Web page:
The information below summarises the requirements relating to the format of petitions and the procedure which must be followed for a petition to be tabled in the Legislative Assembly. This information is also available in the guide to presenting petitions   (pdf) and further information regarding petitions can be found in Fact Sheet G1: Petitions.

Further inquiries concerning petitions should be directed to the Assistant Clerk Committees, Legislative Assembly, Parliament House, East Melbourne, Victoria, 3002, telephone 03 9651 8555.


  • Petitions need to be addressed to the Legislative Assembly of Victoria.
  • A petition to be presented in the Legislative Assembly must only be addressed to the Assembly and not to the Legislative Council as well.
  • A brief paragraph(s) must be included giving the reasons for the petition. If a petition is more than one sheet long, each page must be headed with these details and should end with the action asked for.
  • The details should be photocopied or printed on each sheet before it is signed. Wording pasted to a page of signatories is not allowed.
  • The signatures must be numbered on each page, starting with number 1 for the first signature on every sheet.
  • No letters, affidavits or other documents (other than translations) can be attached or incorporated on the front of the petition sheet.
  • The back of each petition sheet should be left blank (other than a continuation of signatures from the front), however material that is inconsequential or irrelevant to the terms of the petition is permissible.


  • The petition must be legible.
  • The wording must be respectful and not offensive.
  • Petitions need to be in English, or attached to a certified translation if in another language.
  • Only issues which the Assembly has authority to deal with can be raised (some matters, for example, are the responsibility of the federal parliament in Canberra).
  • No information that seeks support for the petition should be added, although a note giving a name and/or address for the return of the petition is allowed.


  • Every petition must be signed by at least one person.
  • All signatures must be hand written.
  • Signatures must be original — photocopies and scanned signatures are not allowed.
  • No-one can sign on behalf of another person, (except a petitioner who is incapable of signing may get someone to sign on his/her behalf).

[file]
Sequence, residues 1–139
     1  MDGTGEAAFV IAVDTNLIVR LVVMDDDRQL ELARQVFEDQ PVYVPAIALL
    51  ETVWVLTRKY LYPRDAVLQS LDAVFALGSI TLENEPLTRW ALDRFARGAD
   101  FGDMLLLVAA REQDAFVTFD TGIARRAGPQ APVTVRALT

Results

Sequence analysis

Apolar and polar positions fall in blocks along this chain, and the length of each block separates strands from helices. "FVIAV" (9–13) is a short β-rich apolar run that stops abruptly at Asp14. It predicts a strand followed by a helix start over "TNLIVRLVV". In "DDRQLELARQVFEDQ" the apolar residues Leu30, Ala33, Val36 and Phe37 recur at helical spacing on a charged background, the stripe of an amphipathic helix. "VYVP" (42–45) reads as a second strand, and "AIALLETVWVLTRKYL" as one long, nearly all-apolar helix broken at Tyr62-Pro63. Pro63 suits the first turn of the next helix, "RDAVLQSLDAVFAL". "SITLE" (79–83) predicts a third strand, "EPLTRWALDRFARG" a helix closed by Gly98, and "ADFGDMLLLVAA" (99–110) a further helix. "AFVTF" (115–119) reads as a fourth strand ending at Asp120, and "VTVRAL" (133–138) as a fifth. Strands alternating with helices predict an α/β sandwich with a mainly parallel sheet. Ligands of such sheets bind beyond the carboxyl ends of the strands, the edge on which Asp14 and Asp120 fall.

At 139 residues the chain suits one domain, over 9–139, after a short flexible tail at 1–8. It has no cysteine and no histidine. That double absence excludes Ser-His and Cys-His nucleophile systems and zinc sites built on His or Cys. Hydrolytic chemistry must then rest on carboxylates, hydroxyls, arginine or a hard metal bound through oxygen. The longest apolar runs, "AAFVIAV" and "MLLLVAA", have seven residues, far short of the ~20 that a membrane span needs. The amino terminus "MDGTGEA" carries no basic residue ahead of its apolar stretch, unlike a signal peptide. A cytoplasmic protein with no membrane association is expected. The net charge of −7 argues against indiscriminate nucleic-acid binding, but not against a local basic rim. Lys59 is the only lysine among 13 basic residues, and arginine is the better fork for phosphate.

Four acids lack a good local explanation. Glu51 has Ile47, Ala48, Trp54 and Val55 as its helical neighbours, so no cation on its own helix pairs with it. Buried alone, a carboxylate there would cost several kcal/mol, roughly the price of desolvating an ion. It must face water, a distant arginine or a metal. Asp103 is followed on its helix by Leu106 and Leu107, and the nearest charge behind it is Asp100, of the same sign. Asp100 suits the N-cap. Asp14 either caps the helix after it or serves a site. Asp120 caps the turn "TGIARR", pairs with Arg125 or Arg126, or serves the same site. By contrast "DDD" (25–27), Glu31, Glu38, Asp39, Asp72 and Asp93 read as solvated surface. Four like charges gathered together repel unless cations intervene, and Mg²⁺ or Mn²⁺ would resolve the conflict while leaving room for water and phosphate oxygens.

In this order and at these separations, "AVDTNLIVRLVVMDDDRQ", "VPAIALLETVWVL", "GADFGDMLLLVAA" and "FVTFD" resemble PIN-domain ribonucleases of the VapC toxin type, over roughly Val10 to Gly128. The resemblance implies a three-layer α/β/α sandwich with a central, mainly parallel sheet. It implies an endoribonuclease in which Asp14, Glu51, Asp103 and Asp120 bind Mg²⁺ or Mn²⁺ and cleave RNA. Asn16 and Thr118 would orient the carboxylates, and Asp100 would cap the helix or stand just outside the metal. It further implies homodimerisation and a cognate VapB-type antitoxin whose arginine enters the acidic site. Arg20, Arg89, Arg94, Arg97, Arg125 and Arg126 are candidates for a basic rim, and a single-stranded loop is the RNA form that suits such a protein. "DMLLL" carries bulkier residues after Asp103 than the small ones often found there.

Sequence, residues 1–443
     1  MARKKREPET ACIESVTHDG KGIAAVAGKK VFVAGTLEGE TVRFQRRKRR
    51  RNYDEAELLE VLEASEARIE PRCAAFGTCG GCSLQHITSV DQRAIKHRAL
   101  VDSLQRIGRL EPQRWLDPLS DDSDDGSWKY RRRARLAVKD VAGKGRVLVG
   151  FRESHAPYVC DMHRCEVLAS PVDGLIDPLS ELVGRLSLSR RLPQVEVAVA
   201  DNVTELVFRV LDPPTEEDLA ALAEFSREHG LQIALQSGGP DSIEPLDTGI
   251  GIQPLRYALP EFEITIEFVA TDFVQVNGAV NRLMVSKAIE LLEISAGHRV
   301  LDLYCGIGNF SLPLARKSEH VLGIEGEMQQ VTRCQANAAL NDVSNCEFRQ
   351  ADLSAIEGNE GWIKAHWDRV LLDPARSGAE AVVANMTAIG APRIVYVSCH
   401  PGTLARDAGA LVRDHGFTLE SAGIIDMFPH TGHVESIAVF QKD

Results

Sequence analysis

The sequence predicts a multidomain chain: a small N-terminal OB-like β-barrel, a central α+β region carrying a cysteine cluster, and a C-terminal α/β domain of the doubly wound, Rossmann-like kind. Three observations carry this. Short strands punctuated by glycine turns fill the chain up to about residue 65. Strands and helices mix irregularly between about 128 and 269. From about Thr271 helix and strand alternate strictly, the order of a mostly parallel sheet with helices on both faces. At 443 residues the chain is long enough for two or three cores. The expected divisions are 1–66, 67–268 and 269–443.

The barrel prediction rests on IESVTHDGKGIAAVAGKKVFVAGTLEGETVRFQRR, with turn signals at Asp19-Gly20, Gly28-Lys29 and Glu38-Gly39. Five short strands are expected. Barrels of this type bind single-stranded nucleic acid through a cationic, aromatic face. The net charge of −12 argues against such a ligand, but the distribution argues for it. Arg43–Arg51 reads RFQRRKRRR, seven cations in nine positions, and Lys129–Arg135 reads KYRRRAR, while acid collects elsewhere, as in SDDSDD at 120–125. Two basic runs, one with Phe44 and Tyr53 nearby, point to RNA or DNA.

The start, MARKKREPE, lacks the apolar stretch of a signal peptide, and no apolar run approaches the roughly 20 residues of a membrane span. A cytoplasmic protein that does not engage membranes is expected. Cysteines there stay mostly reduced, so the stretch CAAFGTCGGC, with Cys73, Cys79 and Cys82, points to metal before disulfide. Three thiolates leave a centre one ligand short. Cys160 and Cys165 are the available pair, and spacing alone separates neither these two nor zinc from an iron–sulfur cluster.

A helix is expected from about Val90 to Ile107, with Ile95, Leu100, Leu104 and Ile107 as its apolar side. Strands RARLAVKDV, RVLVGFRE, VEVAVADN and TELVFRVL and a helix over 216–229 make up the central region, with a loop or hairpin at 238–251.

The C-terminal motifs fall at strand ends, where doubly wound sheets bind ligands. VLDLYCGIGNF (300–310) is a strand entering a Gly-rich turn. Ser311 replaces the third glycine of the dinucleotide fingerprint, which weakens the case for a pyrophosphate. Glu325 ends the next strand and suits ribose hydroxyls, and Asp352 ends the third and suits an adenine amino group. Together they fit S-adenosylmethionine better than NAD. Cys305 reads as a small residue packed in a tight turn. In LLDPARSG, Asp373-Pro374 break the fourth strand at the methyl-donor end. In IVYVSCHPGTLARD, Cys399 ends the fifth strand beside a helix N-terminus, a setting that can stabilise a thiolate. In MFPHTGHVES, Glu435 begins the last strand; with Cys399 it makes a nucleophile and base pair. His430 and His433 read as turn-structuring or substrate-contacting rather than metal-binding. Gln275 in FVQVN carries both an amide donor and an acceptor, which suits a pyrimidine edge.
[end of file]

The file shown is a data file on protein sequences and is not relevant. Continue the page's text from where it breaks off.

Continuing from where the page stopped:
• Each person must include his or her name, signature and address (only Victorian addresses are acceptable). Tabled petitions can be read by anyone upon request at the Procedure Office.
  • A person must live in Victoria to be able to sign the petition.
  • Names, addresses and signatures can only be written on headed petition sheets.

Arranging Presentation

    • Petitions can only be lodged for presentation by a member. This does not need to be the petitioner’s local member. Petitioners should contact a member to make arrangements. Petitions should not be sent direct to Parliament House.
    • The member presenting the petition must sign it in the top right-hand corner on the first page.
    • Members are not signing as a petitioner and do not need to agree with its contents.
    • The member will arrange presentation with the Clerk of the Legislative Assembly. The Clerk will check that the petition meets all requirements for presentation.


Presentation to the House

  • Petitions are presented during formal business (explained in Fact Sheet 1: A Typical Sitting Day in the House)
  • The Clerk announces the name of the member who lodged the petition, who the petitioners are, the subject matter of the petition and the number of signatures. These details are printed in Hansard.
  • The Clerk sends the relevant minister a copy of the front sheet of each petition for his or her information.
  • As an alternative procedure a member can read the terms of a petition and the number of signatories instead of making a 90-second statement (explained in Fact Sheet B1: Types of Debate).

Petition Template

The petition template may be downloaded in either html or pdf  versions.

Last Updated on Tuesday, 23 August 2016